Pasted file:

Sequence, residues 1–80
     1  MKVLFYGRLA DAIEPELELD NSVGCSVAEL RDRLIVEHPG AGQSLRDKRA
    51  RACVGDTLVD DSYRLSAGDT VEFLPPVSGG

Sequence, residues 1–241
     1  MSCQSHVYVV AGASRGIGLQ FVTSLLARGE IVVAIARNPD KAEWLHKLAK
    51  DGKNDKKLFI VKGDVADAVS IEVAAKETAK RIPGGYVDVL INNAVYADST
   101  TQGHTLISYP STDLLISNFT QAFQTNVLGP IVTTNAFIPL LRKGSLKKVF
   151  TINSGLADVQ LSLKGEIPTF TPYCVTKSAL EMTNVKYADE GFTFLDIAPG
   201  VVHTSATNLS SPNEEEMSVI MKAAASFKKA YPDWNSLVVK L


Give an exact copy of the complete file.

Sequence, residues 1–80
     1  MKVLFYGRLA DAIEPELELD NSVGCSVAEL RDRLIVEHPG AGQSLRDKRA
    51  RACVGDTLVD DSYRLSAGDT VEFLPPVSGG

Sequence, residues 1–241
     1  MSCQSHVYVV AGASRGIGLQ FVTSLLARGE IVVAIARNPD KAEWLHKLAK
    51  DGKNDKKLFI VKGDVADAVS IEVAAKETAK RIPGGYVDVL INNAVYADST
   101  TQGHTLISYP STDLLISNFT QAFQTNVLGP IVTTNAFIPL LRKGSLKKVF
   151  TINSGLADVQ LSLKGEIPTF TPYCVTKSAL EMTNVKYADE GFTFLDIAPG
   201  VVHTSATNLS SPNEEEMSVI MKAAASFKKA YPDWNSLVVK L